Dino LaVerghetta, a 28-year-old New Yorker, does not outwardly seem to be the least bit retro, but he might be a generation or two out of place, with one of those stories that you sometimes forget are still happening every day: He’s the child of Italian immigrants, and his father ran a pizzeria — “total Italian stereotype,” he grins — before getting into real estate. LaVerghetta married his high-school sweetheart, and, just as the children of immigrants have for generations, advanced through higher education and a profession: Today, he’s a securities lawyer at a prominent international firm. He probably wouldn’t call it a white-shoe firm, but it’s a white-shoe firm.
LaVerghetta is a throwback in another way, too: He’s an Upper East Side Republican, an increasingly rare urban species whose habitat has been decimated — the formerly Republican-dominated expanse of middle Manhattan populated by financial professionals has largely abandoned the GOP — and whose political leadership is endangered, if not quite extinct. LaVerghetta has his eyes on New York City’s 14th Congressional District, which encompasses eastern Manhattan, Roosevelt Island, and part of Queens, a seat that has been occupied by Democratic incumbent Carolyn Maloney for 16 years. From the pizzeria to Congress in one generation: It won’t surprise you to learn that LaVerghetta talks about the classic American values of free enterprise, limited government under the Constitution, and fiscal responsibility.
What might surprise you is his take on the Glass-Steagall Act. The 1999 repeal of Glass-Steagall, the Depression-era law that had prohibited the combination of regular deposit-taking banks with investment banks, insurance companies, or other kinds of financial operations, has long been cited by the Left as the root of all bankster evil. Democrats have framed it as another case of deregulation-mad Republicans acting as the running dogs of their corporate masters to the general detriment of the Republic. The real story is, of course, more complicated than that: The repeal of Glass-Steagall was signed into law by a Democrat, Pres. Bill Clinton, after every Democrat in the Senate voted for it, along with 155 Democrats in the House — three-quarters of the Democratic caucus at the time. One of the Democrats who voted for the repeal of Glass-Steagall was Carolyn Maloney, and LaVerghetta intends to remind voters of that fact, often.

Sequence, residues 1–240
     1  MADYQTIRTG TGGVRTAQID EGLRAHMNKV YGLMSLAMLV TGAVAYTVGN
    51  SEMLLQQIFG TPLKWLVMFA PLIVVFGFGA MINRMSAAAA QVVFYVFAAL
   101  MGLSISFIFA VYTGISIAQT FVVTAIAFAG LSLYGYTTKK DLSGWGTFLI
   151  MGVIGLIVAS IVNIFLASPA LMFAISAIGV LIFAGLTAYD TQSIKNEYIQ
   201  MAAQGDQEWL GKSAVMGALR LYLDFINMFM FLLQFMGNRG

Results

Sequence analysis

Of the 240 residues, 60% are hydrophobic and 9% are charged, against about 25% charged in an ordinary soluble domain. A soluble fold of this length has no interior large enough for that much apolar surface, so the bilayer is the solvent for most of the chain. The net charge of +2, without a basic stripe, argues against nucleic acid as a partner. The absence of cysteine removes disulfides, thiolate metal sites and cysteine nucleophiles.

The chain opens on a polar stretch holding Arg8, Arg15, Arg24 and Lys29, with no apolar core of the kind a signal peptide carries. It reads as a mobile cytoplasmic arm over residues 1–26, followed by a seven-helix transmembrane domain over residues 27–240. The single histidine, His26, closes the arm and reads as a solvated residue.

“The 1999 repeal of the Glass-Steagall Act, which was supported by Carolyn Maloney, was a mistake,” he says. “It is no coincidence that the nation faced a near financial meltdown within ten years of its repeal. The financial system would be far better off if we tossed out the 2,300-page Dodd-Frank Act and simply put the 34-page Glass-Steagall Act back on the books.” As a securities lawyer, LaVerghetta knows a little something about financial regulation, and he’s under no delusion that Glass-Steagall would have prevented all of the financial turmoil that rocked the world following the subprime meltdown. It is difficult to say what Glass-Steagall would have changed at Bear Stearns or Lehman Bros., to say nothing of AIG.